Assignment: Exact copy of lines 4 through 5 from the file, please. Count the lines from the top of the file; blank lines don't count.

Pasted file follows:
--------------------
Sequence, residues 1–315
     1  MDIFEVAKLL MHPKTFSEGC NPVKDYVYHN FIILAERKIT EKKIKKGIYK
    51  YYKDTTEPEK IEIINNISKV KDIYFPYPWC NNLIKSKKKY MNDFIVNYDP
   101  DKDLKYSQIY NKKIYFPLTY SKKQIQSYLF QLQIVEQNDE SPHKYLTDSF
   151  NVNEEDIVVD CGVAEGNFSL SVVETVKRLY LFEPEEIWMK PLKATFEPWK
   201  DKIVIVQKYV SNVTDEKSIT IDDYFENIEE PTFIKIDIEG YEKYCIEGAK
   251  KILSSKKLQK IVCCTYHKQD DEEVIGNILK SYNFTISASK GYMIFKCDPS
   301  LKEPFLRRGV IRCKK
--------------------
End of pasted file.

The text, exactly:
   101  DKDLKYSQIY NKKIYFPLTY SKKQIQSYLF QLQIVEQNDE SPHKYLTDSF
   151  NVNEEDIVVD CGVAEGNFSL SVVETVKRLY LFEPEEIWMK PLKATFEPWK